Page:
Free will, grace, and anti-Pelagianism

International Journal for Philosophy of Religion 83 (2):183-199 (2018)
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Critics of synergism often complain that the view entails Pelagianism, and so, critics think, monergism looks like the only live option. Critics of monergism often claim that the view entails that the blame for human sin ultimately traces to God. Recently, several philosophers have attempted to chart a middle path by offering soteriological accounts which are monergistic but maintain the resistibility of God’s grace. In this paper, we present a challenge to such accounts of the resistibility of grace, namely that they imply that human beings are praiseworthy for omitting to resist God’s grace. Even if such views escape Pelagianism as it is typically defined, they fail to avoid the worry at the heart of prominent criticisms of Pelagianism concerning the praise for a human being’s salvation. At the end of the paper, we suggest three possible solutions to this problem.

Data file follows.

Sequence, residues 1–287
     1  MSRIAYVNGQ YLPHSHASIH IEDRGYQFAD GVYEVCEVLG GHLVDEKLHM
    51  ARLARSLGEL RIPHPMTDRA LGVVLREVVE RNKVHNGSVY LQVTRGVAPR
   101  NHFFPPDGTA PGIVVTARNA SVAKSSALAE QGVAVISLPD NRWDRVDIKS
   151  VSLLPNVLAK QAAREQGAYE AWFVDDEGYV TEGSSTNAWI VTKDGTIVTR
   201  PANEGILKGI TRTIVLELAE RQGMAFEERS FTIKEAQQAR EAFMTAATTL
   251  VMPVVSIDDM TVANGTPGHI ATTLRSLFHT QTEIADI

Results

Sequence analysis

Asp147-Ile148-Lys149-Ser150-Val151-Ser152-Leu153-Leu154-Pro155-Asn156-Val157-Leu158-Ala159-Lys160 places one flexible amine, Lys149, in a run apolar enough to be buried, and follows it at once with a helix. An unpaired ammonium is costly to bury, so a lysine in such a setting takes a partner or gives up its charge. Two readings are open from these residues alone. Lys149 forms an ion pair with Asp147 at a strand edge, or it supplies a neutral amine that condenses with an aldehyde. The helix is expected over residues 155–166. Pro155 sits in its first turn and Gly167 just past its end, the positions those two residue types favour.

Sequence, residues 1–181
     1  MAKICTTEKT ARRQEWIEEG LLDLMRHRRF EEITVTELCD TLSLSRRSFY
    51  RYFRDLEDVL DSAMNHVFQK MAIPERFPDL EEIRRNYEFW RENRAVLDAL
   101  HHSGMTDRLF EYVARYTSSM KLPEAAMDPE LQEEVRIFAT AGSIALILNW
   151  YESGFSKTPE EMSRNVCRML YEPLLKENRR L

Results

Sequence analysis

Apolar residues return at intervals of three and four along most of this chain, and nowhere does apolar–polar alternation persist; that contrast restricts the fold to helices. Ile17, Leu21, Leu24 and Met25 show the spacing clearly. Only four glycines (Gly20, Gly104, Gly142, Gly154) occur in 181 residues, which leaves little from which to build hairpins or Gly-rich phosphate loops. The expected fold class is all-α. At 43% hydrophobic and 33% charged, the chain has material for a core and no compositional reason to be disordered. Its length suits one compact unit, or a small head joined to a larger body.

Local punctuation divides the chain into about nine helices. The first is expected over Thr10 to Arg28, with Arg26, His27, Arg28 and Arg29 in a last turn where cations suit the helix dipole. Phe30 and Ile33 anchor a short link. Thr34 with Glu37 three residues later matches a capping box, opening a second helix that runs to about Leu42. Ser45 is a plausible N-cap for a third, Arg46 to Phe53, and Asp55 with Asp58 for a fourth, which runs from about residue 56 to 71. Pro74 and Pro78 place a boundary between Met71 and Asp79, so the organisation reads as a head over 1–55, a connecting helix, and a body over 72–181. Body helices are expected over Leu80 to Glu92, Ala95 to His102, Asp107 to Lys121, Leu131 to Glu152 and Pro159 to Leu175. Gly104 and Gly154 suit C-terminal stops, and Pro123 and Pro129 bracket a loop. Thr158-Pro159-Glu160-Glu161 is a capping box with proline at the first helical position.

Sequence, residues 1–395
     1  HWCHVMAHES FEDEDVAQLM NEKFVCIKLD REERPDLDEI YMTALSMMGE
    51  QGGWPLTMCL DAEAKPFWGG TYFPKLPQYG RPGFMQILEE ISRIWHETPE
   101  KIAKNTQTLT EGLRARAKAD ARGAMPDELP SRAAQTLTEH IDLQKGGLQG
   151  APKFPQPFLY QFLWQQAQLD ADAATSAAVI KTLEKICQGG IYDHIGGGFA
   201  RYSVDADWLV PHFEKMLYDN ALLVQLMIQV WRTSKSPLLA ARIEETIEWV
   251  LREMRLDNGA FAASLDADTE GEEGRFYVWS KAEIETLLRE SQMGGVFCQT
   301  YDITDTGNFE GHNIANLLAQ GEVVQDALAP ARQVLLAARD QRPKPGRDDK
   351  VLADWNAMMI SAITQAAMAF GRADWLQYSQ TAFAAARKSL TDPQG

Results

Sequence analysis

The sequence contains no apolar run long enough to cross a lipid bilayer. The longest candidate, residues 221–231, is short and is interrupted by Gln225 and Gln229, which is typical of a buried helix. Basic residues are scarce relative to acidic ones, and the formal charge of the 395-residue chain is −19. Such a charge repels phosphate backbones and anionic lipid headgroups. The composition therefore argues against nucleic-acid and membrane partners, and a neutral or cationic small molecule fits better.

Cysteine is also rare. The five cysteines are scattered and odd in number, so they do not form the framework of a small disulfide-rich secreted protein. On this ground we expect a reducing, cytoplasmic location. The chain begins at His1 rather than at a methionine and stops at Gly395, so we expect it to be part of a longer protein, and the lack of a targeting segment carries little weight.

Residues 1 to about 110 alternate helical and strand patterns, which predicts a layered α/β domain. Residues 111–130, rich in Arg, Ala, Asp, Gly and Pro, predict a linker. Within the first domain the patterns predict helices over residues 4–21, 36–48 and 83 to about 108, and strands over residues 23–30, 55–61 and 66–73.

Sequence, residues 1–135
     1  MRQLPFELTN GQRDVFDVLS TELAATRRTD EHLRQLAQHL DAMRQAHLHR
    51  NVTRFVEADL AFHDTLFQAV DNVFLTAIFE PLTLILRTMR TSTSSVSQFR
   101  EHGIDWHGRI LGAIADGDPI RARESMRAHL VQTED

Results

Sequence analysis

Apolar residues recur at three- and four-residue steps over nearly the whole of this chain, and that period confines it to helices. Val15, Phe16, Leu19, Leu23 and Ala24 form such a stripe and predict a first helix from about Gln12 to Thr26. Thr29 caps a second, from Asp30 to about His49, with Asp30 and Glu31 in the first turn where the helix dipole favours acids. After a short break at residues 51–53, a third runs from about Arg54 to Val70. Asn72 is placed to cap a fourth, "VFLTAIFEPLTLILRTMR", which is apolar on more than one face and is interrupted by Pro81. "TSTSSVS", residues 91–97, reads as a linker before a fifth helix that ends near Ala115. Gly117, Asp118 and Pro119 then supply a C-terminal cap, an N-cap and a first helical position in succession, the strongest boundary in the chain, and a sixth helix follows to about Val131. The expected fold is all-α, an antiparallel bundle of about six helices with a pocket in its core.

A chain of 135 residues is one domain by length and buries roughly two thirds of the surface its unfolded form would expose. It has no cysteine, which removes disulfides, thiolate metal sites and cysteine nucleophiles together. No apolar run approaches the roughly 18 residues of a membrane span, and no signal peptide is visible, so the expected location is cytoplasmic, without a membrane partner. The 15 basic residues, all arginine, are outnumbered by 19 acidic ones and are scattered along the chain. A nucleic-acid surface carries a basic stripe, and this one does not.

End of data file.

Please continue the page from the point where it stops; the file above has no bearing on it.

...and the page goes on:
Author Profiles

Taylor W. Cyr
Samford University
Matthew T. Flummer
Porterville College


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